In the current implementation, the stations do not have any assumptions on the content of trains. Consequently, stations cannot assist trains in their execution, for instance by adaption computational resources to the need of the station. A semantic communication between train and station should be facilitated ideally before routing. The station should know who runs the analytics task and its intention. There could be multiple trains, each focus on another language, format, technology. The right train for the station should be identified.


Use Cases

The use cases working group identified the possible application areas of PHT in healthcare and life science domain.

Key Points from the Use Cases Working Group Discussion
This Group had identified a set of Use Cases that could benefit from the PHT approach, such as:

  1. Text Mining (application): access to medical plain text documents which cannot be shared otherwise, run algorithms or models on corpus, could be useful for training and productive phase (for training, human interaction/acccess is necessary)
  2. Feasibility requests: getting the number of eligible patients, popular task with low data protection problems (only aggregated data)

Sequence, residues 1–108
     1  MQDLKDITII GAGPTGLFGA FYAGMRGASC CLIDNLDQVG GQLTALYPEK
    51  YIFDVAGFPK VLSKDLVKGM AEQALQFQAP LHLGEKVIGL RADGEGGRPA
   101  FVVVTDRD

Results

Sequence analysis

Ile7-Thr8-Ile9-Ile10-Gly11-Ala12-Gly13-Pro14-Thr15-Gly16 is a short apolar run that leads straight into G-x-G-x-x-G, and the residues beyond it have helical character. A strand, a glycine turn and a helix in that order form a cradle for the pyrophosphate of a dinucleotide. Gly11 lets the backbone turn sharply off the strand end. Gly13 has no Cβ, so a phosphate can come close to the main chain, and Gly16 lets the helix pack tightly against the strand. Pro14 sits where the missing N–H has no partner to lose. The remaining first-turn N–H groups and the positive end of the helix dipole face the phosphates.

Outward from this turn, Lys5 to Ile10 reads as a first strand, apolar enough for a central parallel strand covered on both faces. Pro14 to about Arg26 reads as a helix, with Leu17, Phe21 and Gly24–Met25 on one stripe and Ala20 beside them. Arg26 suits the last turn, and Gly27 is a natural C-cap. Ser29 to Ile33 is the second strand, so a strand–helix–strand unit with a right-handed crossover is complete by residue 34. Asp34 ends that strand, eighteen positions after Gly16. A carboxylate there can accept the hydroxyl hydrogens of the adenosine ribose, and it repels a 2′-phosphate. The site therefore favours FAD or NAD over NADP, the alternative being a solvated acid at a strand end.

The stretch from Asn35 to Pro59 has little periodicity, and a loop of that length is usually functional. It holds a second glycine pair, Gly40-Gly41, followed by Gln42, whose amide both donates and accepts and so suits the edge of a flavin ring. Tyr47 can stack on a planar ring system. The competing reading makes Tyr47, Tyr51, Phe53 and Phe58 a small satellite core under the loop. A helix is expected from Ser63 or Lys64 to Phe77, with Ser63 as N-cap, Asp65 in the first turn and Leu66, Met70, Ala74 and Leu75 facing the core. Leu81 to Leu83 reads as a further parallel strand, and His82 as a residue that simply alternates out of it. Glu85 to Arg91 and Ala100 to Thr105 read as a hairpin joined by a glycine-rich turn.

3. Support for recruitment: contacting and including a patient as a subject, important for clinical trials and registers, more problematic with regard to data protection due to personal identity and mostly lack of consent to data processing or contacting
  4. Record Linkage (PPRL) to find and count e.g. rare disease patients

The importance of providing FAIR data at the creation had been emphasized:

  1. Instruments should be developed to support FAIR data at creation
  2. Success stories: provide plausible scenarios for utilizing FAIR data and show ways for a data protection-compliant implementation
  3. Simple, easy-to-deploy-environment for PHT to demonstrate the advantages (project “Feldbahn”)

The role of ontologies and vocabularies are underlined:

  1. Phenotyping: is everything but HPO
  2. A mapping between European countries f.i. medical terminologies (e.g. BRIDGE DB)

Next Steps:

  1. Prioritization of use cases and goals
  2. Identify a mapping between goals and existing projects


Session 4: Discussions, Summary and Outlook

Working groups presented and discussed their results.

The alignment between ongoing projects was discussed. Suggested collaborations:

  • Establish a knowledge exchange forum.
  • Organize topic focused hackathons.
  • Organize training meetings “How to…”, reach out the GO FAIR training pillar INs

Collaboration with international partners should be developed:

  • In rare diseases community, the commonalities and complementarities between developing the PHT and the EJPRD mixed /federated infrastructure can be identified.
  • ELIXIR interoperability meetings can serve as a platform.

Next steps defined as:

  • Write a German manifesto. The international manifesto has been published. Start building a German chapter and including more parties.
  • Consider organizing a follow-up workshop.
  • Create a platform/website with information.
  • Develop specifications: Possible to join regular International PHT architecture group meetings.